The repository also contains binaries for Windows and Linux. Binaries are stored by OS, in bin/x86-nt/ and bin/x86-linux/.
./autogen.sh && make && make install
Optionally you can use options to pass to autogen, for example
You should do your development underCygwin since the makefiles are autobuild-oriented. Be sure to download the developer and mingw components. You want to compile with mingw since this will give you Windows-native binaries and will therefore be portable from computer to computer.
aclocal && autoheader && automake --add-missing --copy && autoconf ./configure --enable-mingw CFLAGS="-g -Wall -O0" CXXFLAGS="-g -Wall -O0" make && make install
Insure that binaries are created on both Linux and Windows platforms.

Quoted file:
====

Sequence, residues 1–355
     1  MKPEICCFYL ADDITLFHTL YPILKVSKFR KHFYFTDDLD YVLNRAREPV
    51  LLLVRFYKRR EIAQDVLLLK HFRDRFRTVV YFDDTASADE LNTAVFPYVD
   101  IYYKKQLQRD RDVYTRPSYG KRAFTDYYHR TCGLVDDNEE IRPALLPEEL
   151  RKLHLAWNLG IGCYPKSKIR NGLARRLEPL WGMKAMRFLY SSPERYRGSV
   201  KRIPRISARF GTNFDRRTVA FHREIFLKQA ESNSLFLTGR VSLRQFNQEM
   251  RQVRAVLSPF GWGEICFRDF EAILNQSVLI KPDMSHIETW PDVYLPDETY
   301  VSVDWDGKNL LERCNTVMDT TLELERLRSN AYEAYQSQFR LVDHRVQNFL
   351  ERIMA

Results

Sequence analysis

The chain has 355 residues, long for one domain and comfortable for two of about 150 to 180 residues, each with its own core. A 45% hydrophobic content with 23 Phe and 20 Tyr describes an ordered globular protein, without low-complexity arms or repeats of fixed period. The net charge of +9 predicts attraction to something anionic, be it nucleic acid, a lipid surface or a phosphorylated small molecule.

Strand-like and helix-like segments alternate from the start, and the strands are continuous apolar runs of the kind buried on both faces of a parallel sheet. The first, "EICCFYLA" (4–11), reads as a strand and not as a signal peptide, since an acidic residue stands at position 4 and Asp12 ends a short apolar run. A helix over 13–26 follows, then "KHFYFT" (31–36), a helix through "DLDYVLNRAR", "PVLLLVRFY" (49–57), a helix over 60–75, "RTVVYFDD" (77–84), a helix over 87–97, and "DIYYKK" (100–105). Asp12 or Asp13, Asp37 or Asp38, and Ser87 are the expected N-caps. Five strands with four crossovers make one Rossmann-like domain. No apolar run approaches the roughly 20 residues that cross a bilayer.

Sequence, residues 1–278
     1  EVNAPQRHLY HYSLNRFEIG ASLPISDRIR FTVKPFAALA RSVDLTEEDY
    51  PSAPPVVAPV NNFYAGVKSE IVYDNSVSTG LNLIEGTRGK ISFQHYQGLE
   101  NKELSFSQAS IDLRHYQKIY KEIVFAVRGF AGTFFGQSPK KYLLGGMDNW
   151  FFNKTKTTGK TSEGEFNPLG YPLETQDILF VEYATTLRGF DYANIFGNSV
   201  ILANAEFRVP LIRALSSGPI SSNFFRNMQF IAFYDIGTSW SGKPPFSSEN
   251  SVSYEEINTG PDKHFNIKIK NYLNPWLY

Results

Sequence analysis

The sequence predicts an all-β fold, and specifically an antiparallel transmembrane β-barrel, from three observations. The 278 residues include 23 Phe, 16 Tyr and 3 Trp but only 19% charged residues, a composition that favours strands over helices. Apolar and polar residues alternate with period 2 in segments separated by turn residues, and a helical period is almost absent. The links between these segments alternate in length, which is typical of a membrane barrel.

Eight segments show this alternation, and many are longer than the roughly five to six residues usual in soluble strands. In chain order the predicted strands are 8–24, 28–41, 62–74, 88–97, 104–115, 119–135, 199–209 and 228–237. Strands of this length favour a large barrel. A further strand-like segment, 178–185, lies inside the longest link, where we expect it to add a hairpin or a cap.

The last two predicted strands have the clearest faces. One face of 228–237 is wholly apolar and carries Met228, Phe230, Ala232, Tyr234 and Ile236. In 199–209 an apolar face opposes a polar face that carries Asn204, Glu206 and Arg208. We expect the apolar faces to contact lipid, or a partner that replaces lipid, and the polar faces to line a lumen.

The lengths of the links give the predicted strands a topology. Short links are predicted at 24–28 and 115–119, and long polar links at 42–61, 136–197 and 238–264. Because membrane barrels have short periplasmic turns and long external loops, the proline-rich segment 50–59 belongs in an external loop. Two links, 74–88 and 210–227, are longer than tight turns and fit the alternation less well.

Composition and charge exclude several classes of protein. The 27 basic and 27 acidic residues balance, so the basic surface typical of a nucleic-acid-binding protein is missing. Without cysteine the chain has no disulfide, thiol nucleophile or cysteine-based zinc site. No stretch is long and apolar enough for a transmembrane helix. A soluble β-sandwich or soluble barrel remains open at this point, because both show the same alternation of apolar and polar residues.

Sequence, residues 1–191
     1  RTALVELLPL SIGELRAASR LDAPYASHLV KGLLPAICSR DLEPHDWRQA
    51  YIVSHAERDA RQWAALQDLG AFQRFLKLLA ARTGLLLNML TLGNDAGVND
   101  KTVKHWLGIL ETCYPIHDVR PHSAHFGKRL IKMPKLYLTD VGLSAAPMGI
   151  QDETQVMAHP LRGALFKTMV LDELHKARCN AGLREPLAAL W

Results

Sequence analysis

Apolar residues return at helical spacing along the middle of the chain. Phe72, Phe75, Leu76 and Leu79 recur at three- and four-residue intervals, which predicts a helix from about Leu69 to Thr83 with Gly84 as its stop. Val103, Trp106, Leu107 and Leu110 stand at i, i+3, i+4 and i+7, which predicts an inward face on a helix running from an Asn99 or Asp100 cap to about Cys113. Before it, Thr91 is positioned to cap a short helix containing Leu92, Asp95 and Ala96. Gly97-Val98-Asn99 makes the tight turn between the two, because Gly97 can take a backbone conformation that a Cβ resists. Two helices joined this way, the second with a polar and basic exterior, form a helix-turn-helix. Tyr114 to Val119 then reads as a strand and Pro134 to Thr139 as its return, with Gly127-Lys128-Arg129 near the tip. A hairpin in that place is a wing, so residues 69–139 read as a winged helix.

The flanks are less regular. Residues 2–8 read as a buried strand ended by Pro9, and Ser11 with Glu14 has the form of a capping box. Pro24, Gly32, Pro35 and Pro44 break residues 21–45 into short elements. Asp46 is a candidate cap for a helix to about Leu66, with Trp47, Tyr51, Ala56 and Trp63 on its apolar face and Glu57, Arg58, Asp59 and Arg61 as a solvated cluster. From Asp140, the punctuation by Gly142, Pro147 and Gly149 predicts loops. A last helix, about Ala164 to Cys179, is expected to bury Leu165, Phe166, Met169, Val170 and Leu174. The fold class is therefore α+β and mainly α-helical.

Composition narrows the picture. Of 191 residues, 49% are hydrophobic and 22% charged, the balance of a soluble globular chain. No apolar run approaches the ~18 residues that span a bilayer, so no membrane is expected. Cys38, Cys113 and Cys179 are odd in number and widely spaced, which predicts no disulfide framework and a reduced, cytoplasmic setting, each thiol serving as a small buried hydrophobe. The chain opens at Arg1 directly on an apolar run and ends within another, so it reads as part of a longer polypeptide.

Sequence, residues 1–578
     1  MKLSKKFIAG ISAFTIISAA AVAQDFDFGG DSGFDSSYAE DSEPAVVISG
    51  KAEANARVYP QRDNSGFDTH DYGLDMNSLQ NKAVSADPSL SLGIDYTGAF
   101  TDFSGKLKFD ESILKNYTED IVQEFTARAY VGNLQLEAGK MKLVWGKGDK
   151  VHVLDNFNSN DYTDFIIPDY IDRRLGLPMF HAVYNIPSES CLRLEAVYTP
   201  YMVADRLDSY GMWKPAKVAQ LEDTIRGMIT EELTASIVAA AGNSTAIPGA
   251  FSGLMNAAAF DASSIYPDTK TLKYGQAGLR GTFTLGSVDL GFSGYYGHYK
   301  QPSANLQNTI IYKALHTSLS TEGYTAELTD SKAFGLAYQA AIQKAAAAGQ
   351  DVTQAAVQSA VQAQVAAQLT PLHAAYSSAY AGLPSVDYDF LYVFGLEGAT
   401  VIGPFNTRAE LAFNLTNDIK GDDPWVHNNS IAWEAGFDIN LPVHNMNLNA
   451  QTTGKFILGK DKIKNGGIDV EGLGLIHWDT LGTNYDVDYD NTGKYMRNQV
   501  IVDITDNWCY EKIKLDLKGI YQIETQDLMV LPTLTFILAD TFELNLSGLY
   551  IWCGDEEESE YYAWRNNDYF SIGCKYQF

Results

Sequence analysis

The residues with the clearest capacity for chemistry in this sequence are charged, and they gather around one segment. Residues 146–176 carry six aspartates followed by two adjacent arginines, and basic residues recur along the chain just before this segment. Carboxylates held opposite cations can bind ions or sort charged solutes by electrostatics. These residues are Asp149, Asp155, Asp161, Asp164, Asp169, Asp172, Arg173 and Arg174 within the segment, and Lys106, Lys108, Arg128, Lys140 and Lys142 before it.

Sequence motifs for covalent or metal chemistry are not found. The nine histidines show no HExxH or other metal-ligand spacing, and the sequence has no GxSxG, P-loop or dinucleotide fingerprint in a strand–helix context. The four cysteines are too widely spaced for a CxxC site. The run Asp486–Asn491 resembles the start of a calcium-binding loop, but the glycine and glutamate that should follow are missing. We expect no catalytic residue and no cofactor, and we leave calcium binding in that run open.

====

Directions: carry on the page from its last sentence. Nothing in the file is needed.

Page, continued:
If you're working on a filesystem shared by linux and windows then you can skip the middle commit and update steps.
There has not been an official release of the toolkit since the one put out by Cambridge. We intend to make one very soon. Since the toolkit itself has not been fundamentally updated aside from the 32-bit word ID change, this can be considered version 2.1 of the toolkit. Nonetheless, there will be many significant updates:
Successive releases will contain more fundamental changes to the toolkit. Mainly, we intend to add support for modified Kneser-Ney smoothing.